Time to hunt for slugs and other October tips | THE COMPLEAT HOME GARDENER

The second week of October is a good time to search out and destroy newly laid slug eggs, especially while planting bulbs or harvesting from the vegetable garden.

The second week of October is a good time to search out and destroy newly laid slug eggs, especially while planting bulbs or harvesting from the vegetable garden. The eggs will look like tiny pearls in clusters of 50 to 100. Under stones or mulch and along the edge of lawns is often where the eggs lay hiding.

Q. I loved your article about year-round container gardens last month (Sept. 4) but want to know how long my perennials can survive in a large container that is 24 inches wide and about as deep. I have grown hosta, euphorbias and evergreens in this pot for years but the plants always seem to decline in health after a few years. T.H., Olympia

A. Potted perennials and shrubs can get too chilly, too dry and too hungry after several years trapped in a container. October is a good month to remove overgrown potted perennials and shrubs, score or cut into the crowded root ball and replant them into your garden beds. Do not wait until spring because freezing winter weather is very hard on a root bound plant trapped in a pot.

If the potted plant is an evergreen shrub you can try root pruning or shortening all the roots by one-third. Then add fresh potting soil and replant the old plant back into the container. Every potted perennial will appreciate a blanket of compost mulch this time of year to help insulate the roots from the coming cold.

If you do decide to empty your pots now, there is still time to replant with fall flowers such as mums, winter pansies and ornamental cabbages and kale. Add a few mini pumpkins as a mulch and poke a cut branch of maple leaves or autumn berries into your new fall planting and celebrate the change in seasons.

Q. What plants need to be fertilized in the fall? I did feed my lawn a fall and winter lawn food a few weeks ago and it looks better than it has in years. K.L. Renton

A. Fall is a good time to fertilize the lawn but please do not fertilize any of your other plants in October. The shorter days and colder nights are Mother Nature’s way of coaxing plant life into a long winter nap so they will not suffer from the freezing weather ahead. Fertilizing keeps plants awake and producing tender new growth.

Spreading compost or mulch on top of plants is preferred over sprinkling a fall fertilizer. Compost is not a fertilizer but rather a soil conditioner that will provide some slow-wrelease nitrogen when the weather warms up in spring.

Q. When it comes to fall clean up, what perennials do I cut back and what do I leave alone? I have some ornamental grasses that still look great – when do these need to be cut back? B. Email

A. Here’s a rule of green thumb – when it’s brown cut it down. If it’s green, leave it be. This means you can leave the ornamental grasses, sedum autumn joy and Rudbeckia seed heads for the birds to enjoy all winter but in early spring when you see the forsythia in bloom cut back the brown clumps of ornamental grass to make way for the new spring growth.

Do not prune evergreen grasses like black mondo grass, sedges or carex. Always collect the soft damp leaves of hosta and cut back delphiniums now to discourage overwintering slugs.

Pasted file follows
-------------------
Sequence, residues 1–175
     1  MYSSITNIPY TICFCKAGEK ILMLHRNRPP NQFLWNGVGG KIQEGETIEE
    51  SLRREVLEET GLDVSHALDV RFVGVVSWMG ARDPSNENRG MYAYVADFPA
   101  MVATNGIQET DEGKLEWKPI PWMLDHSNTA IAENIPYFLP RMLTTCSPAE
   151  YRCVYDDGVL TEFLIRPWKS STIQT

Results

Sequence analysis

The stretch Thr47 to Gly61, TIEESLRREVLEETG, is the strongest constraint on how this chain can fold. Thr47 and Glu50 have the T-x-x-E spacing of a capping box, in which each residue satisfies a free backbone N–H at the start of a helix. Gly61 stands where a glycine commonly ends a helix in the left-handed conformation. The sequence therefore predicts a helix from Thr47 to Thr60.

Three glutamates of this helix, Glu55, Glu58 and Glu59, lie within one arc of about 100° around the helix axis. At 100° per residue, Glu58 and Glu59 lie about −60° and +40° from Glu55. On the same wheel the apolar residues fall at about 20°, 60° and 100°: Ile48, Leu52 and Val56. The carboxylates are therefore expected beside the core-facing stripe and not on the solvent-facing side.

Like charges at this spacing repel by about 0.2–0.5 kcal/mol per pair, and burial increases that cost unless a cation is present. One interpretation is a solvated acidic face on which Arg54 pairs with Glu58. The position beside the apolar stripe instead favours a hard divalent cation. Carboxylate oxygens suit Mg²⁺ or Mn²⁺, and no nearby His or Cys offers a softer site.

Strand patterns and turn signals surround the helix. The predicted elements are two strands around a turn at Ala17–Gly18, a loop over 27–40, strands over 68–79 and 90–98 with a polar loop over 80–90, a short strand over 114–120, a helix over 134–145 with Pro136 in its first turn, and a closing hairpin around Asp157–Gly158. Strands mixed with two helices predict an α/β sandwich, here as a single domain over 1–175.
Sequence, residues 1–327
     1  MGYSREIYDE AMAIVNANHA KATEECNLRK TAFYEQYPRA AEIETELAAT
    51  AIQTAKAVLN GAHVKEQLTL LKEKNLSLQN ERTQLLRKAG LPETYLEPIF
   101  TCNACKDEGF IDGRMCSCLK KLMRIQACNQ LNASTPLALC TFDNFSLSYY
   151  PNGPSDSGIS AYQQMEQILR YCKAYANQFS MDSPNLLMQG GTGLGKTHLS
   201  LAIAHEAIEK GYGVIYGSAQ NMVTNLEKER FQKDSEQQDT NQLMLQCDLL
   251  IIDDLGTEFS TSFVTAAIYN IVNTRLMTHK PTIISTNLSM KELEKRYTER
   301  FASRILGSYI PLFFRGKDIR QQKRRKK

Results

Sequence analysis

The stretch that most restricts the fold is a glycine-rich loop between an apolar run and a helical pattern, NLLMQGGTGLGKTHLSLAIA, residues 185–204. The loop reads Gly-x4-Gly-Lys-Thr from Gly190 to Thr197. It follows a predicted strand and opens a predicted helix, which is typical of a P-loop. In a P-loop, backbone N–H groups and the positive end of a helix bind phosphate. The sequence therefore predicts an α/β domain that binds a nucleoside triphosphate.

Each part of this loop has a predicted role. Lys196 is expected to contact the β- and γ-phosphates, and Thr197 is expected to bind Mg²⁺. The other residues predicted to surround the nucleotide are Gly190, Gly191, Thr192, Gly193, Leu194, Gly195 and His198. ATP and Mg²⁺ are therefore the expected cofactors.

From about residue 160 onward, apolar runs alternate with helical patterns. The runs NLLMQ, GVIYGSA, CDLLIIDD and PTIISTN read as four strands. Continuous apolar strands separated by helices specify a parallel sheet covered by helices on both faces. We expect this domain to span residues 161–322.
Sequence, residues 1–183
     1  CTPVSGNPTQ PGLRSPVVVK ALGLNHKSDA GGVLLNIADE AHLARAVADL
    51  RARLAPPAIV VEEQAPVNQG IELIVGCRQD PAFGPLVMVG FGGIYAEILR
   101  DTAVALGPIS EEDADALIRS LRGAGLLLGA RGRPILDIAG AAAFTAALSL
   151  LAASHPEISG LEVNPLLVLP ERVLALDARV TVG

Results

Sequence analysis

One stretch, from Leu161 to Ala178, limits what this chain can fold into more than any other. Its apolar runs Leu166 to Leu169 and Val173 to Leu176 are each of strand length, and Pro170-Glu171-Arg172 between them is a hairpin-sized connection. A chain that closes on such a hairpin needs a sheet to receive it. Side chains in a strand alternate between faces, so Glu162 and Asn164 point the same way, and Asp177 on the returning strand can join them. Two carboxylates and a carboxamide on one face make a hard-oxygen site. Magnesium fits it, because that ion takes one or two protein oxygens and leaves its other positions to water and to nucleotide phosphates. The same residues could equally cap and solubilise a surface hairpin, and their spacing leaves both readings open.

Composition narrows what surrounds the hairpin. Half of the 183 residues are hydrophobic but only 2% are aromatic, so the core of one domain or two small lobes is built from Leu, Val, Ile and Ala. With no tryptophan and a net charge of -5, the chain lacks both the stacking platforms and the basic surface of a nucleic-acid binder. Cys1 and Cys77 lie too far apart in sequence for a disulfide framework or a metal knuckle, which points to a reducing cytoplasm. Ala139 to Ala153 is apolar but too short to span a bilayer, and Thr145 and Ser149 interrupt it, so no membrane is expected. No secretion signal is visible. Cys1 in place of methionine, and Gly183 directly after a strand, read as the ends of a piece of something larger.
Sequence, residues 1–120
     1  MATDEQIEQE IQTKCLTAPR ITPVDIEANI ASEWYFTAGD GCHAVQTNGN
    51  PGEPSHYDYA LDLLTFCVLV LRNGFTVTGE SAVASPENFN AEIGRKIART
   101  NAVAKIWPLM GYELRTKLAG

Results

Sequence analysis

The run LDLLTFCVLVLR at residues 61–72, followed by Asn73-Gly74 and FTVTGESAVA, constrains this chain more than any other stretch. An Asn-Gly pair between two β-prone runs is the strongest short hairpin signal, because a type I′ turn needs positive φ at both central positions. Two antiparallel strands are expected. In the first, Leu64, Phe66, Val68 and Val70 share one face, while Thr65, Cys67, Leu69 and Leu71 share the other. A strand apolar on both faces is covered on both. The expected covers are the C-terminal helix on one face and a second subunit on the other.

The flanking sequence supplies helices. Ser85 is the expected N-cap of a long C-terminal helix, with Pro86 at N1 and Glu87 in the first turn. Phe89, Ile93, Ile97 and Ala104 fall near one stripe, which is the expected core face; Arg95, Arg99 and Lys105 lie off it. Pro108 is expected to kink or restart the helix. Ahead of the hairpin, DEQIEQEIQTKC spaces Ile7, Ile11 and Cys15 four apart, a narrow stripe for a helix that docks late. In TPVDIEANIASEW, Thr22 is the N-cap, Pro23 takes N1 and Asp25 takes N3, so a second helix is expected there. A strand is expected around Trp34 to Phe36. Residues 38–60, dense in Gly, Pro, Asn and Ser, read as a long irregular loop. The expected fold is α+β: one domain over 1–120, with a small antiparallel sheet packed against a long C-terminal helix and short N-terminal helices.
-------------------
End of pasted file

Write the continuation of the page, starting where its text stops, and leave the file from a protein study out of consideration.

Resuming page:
October is a good month to dig up and remove perennial plants or shrubs that did not perform well or were just too demanding. Fill the empty spot with fallen leaves and debris to rot over the winter so the soil will soften up and be ready for a new plant in the spring.

More in Life

See Binetti host Container Wars daily at show

Time to take a trip around the world — just by making… Continue reading

Illustrations by Rob McClurkan
Dr. Universe tells us how many bones dinosaurs have

Ask Dr. Universe is a science-education column from Washington State University.

Polo and Tugs got out of Monica Sauerwein’s house on Jan. 27. They were later found thatafternoon. Thanks to someone, Tugs was found and taken to a vet to see if he was chipped. Polo returned home on his own not long after. Submitted photo from Monica Saurerwein.
What to know about pet licensing

Licensing your pet is one of the best ways to ensure lost pets make it back home. Renton Animal Control and RASKC are important resources for pet owners in and out of Renton.

Search no more, you’ll want to read ‘Hero Dogs’

You felt like such a loser. It was a feeling that didn’t… Continue reading

Photo gallery: Renton readers’ snow day

For these Renton residents, it was a Febrary winter wonderland

‘Moon Over Buffalo’ could cancel if snow becomes unsafe

The Renton Civic Theatre performance is scheduled for both Friday and Saturday at 8 p.m.

Illustrations by Rob McClurkan
Dr. Universe explains how volcanoes erupt

Ask Dr. Universe is a science-education column from Washington State University.

Readers are antsy to start planting, get out in the garden

The second week of February has some gardeners confused. Is it spring… Continue reading

Third times a charm? New restaurant set to open on MV highway

Weather permitting, Mezcal Fresh Mexican Grill opens Thursday, Feb. 7

Whether you like mystery or humor, this book has it for you

You didn’t recognize the number. So you didn’t answer the phone. That’s… Continue reading

Illustrations by Rob McClurkan
Dr. Universe explains clouds

Ask Dr. Universe is a science-education column from Washington State University.

You won’t be able to let ‘Maid’ go

That thing? You’re ready to let it go. It sparks joy, but… Continue reading